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Sunday, September 29 • 11:45am - 12:20pm
Metrics for Assessing Internet Business Models and Sustainability

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As the internet changes structure and behavior in ways better modeled in terms of modular composition than as an architecture based on functional links between physical layers and services, well established network metrics appear increasingly less suited to assessing economic and business strategy features. This change is described by Labovitz (Labovitz, Lekel-Johnson et al. 2010), Fransman (Fransman 2010), Clark (Clark, Lehr et al. 2011), Yoo (Yoo 2012), Frischmann (Frischmann 2012) and in our own recent work (Liebenau, Elaluf-Calderwood et al. 2012). Increasingly, measurement approaches such as those conducted by the Center for Advanced Internet Data Analysis at the University of California, San Diego [CAIDA] are reassessing what when, how and why metrics are collected.

The structure of emerging business models, the value generated from certain kinds of products and services delivery, and the spillover effects that concern public policy are all masked by the typical focus on broadband speed, routing tables and traffic estimates between nodes. Along with current discussions about ?quality of experience? (Kruse 2009), and new approaches to concentration (Noam 2010), we address the problem of how to assess information asymmetries (Claffy 2008), the relationships among different kinds of traffic (transit, private, peered, intra-network, etc.), flows of funds and other features that characterize the interrelationships of all major aspects of internet core businesses, whether regulated or not.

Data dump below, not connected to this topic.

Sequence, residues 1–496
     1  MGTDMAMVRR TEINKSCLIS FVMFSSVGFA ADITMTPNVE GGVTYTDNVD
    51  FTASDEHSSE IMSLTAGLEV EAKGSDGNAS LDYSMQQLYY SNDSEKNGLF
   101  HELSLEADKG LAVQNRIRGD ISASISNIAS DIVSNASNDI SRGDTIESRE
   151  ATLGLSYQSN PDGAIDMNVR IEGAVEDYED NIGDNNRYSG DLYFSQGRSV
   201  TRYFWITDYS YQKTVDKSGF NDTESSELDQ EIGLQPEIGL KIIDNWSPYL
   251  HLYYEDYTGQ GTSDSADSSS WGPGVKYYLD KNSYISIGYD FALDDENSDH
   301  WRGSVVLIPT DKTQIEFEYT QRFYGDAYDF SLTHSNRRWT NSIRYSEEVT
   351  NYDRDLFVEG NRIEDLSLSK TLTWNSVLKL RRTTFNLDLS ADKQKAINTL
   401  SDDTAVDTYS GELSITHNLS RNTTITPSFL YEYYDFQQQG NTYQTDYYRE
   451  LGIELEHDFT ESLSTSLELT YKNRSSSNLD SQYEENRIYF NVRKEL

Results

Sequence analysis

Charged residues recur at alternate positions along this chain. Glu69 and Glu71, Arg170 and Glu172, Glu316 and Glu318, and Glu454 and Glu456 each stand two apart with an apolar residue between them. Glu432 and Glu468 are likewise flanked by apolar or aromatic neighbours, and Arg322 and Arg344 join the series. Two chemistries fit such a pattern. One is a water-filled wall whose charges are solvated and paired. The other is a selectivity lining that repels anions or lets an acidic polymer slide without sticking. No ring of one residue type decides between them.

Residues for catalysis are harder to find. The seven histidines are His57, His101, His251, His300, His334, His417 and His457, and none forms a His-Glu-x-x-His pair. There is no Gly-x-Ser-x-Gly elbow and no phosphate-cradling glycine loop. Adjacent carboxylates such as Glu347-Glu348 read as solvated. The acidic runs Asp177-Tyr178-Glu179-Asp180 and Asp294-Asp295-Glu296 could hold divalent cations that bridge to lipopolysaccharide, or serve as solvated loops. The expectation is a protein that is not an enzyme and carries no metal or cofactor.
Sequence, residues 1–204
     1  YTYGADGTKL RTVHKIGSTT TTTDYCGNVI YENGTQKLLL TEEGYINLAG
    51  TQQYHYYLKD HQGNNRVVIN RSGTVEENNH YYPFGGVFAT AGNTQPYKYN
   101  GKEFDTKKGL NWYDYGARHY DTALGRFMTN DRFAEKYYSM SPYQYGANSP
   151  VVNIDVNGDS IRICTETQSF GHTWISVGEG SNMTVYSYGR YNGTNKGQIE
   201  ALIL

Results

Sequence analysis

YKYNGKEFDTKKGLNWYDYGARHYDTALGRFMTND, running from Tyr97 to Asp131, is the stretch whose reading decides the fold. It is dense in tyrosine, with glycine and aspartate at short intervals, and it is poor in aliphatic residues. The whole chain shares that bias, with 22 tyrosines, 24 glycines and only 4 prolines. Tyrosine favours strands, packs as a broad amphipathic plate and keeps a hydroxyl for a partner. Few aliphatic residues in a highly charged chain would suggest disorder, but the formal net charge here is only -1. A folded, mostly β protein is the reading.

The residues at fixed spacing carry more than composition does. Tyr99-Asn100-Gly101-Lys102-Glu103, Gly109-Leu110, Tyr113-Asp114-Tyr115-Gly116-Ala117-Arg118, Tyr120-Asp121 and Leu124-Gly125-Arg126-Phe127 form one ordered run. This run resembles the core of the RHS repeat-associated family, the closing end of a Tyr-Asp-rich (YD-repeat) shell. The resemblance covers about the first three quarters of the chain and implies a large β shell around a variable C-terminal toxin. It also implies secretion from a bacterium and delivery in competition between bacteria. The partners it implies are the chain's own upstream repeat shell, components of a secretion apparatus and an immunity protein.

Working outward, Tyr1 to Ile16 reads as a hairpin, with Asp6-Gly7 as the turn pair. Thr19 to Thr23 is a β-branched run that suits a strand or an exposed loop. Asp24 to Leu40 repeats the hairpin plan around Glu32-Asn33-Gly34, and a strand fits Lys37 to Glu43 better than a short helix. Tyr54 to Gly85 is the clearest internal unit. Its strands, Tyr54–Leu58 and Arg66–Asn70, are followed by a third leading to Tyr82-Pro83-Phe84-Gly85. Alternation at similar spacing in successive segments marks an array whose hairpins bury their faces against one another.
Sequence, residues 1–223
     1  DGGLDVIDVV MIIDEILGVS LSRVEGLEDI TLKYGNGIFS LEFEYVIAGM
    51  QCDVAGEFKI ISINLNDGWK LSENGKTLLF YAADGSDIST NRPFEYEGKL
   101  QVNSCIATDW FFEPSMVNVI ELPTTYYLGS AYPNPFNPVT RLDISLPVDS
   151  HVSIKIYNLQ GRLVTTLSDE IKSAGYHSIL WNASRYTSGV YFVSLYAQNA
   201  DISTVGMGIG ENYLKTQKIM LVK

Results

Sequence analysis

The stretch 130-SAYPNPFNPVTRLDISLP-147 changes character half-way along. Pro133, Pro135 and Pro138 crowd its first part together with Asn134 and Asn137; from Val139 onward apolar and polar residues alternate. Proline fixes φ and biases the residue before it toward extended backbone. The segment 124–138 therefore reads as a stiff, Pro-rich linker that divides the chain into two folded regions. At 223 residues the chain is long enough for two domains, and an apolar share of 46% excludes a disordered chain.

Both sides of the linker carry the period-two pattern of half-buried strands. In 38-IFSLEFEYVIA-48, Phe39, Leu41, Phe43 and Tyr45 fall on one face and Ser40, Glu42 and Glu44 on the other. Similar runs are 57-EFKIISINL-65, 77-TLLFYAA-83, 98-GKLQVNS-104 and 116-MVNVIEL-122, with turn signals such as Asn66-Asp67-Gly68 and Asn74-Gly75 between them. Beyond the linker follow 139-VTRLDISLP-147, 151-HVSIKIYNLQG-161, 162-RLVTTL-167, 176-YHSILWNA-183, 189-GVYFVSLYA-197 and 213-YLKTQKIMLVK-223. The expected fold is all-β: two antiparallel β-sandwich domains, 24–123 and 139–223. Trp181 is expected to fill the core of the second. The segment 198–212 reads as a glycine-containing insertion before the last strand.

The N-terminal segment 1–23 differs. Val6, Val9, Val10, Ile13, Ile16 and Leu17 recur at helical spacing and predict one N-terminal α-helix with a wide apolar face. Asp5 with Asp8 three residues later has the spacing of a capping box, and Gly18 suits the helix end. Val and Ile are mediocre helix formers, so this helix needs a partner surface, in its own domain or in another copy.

In this paper we describe a view of how changes to the layered model of internet architecture has created space for new services and products and in particular the mixing of roles across previous boundaries described in part by the distinction between regulated and unregulated segments. We then consider the utility of current metrics and show how additional or alternative metrics can enhance our understanding such that we can come to a far better view of trends and practices on the internet. We show what minimum requirements there are to data that ought to be visible to all stakeholders of the internet.

Through a detailed taxonomy of different sources of internet metrics (e.g. traffic through internet exchanges, charges for services, Cisco network data, Sandvine traffic statistics, etc.) we show the utility of new ways to capture and assess the important economic characteristics that will help in promoting the sustainability of the internet. We begin with a critique of a typical matrix describing web measurements associated with the physical and logical layers of the internet (e.g. from CENDI of the U.S. Government; Hodge, 2000). We assess the value of the criteria traditionally used and show how some are misleading, some inappropriate, and some useful when considered in conjunction with new criteria of assessment. We show how a careful inclusion of jurisdictional information, government fiscal policies and regulation, costing estimates, maintenance, network qualities and other evidence from political economy can provide a superior metric that will provide the basis for better economic analyses and in judging business models and sustainability.

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39th Research Conference on Communication, Information and Internet Policy. George Mason University, Arlington, VA.
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Frischmann, B. (2012). Infrastructure - The Social Value of Shared Resources.
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Universitat: 24.
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European Telecom Sector: The Consequences of Imbalances in Internet Traffic."
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Sunday September 29, 2013 11:45am - 12:20pm
GMUSL Room 329

Attendees (5)